Postby Margi » Mon Jan 21, 2013 12:06 am

raisindot wrote:
raptornx01 wrote: In other books, he considers himself a servant of The Law. In Snuff, he IS the law.


No. He isn't. I don't have the book in front of me so I can't remember the name of the young watchman, but Vimes tells him that he serves the Law, not any other person or body of people. And that attitude is so ingrained in Vimes' own soul that no amount of power or position will change it. But... back to Night Watch...

When I first read Night Watch I was riveted from the start. I have now re-read it twice and am half way through the third re-read. This time I finished it and went straight back to the beginning and started again. Is that fanaticism or what? I thought I would skim it this time, but no, every word and every detail is being reabsorbed. This time I'm reading it with the Compleat Ankh-Morpork at my side and that is getting opened at every mention of new roads and places. I've always loved maps and discovering the geography of where the characters all are helps to bring the book into reality for me. Oops! I did say 'reality' didn't I? Well, I live in the __ _ place: maybe I'm getting sucked through the Portal. And I live not just in Ankh Morpork, but at the end of Treacle Mine Road, and my house has a label on it: 'The Olde Watch House'. I think I might re-name it and leave out Olde. After all, it got re-opened didn't it?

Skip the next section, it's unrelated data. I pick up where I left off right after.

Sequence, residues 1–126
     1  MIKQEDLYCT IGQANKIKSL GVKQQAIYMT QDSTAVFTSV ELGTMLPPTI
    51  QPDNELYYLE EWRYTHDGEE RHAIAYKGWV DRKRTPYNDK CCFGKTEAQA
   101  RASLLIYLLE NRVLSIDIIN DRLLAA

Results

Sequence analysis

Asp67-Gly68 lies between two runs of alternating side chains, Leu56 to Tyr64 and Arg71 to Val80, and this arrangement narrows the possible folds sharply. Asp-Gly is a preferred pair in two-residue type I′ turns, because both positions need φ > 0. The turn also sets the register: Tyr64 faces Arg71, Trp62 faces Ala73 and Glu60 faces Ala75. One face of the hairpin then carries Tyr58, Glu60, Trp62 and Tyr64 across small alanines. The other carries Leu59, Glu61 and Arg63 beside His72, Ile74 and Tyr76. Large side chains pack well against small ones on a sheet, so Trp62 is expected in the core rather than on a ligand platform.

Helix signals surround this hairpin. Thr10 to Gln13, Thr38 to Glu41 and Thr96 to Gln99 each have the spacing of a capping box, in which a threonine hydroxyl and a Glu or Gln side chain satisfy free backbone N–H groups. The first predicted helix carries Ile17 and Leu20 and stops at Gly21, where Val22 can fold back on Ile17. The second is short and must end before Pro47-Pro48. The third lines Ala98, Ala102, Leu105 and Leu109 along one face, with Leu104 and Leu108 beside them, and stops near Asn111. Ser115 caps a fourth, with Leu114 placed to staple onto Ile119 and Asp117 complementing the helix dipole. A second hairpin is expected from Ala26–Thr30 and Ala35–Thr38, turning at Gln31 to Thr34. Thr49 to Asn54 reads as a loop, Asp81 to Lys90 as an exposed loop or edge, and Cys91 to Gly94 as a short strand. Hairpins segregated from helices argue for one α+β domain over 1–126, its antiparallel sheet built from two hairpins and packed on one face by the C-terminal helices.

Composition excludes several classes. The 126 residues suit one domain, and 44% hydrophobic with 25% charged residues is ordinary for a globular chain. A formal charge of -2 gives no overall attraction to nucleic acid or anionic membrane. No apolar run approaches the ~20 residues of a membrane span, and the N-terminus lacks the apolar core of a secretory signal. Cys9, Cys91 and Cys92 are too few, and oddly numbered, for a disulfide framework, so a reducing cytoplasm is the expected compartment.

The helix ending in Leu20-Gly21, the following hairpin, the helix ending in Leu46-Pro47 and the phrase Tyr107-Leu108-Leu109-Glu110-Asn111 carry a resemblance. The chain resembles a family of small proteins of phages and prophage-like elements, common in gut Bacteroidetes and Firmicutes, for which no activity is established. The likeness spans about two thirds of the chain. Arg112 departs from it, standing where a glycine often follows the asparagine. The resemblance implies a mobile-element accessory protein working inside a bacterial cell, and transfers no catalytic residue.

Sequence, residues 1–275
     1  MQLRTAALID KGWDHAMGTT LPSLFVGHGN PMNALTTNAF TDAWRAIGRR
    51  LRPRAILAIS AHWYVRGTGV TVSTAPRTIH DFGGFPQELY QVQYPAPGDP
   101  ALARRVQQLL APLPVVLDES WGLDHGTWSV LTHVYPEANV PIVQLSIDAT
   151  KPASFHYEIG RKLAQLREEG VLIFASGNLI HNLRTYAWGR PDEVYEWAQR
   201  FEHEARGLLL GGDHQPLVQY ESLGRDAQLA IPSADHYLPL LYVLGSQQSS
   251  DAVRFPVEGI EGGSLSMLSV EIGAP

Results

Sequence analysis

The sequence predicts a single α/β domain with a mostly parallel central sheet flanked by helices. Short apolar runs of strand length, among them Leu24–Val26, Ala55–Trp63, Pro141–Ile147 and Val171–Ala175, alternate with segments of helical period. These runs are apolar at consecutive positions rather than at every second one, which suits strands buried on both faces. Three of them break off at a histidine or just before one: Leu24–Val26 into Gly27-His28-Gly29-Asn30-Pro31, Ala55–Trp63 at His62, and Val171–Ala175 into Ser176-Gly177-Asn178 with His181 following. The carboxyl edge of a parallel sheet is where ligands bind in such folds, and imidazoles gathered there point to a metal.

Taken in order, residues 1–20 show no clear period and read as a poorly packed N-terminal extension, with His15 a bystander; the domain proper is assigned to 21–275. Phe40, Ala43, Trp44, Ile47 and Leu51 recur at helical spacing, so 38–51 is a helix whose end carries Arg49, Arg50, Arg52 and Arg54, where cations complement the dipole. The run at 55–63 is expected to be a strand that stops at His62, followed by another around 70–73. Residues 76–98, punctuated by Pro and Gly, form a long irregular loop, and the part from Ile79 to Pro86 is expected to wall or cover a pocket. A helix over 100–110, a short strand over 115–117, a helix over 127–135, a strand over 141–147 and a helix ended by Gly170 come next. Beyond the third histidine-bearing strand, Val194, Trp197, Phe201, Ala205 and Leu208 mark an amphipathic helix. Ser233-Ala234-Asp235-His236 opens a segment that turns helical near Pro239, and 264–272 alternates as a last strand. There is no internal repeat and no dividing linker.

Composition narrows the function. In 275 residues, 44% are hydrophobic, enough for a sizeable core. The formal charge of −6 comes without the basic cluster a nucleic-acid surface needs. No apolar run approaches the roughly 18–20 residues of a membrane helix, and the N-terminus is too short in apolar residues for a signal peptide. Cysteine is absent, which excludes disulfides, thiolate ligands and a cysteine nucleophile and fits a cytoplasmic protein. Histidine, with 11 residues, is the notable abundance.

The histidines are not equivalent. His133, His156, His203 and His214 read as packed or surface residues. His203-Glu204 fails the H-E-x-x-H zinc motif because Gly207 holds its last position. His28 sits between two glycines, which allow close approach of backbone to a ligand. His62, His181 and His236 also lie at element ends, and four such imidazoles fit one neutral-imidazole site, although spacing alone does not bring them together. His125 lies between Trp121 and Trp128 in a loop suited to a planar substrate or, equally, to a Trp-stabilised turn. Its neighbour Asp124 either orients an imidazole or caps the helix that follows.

I guess Night Watch has grabbed me because it uses one of my favourite story devices: incognito characters. And Vimes teaching his younger self is different from most time travel stories; they more commonly have some catastrophic, time shattering event happen if a character meets his/her younger self.

In this book you can see Vimes' character development, so brilliantly illustrated in the whole series of Watch books, span the course of one story. Mention is made, in a way that is not just to fill in back story, of all his stages of growth and change: from his innocent youth to his alcoholic days, and through to his recovery, marriage, promotions and onwards.

Vimes is definitely the strongest and most real character in the whole catalogue of DW books, and I believe that Night Watch is the best of his stories.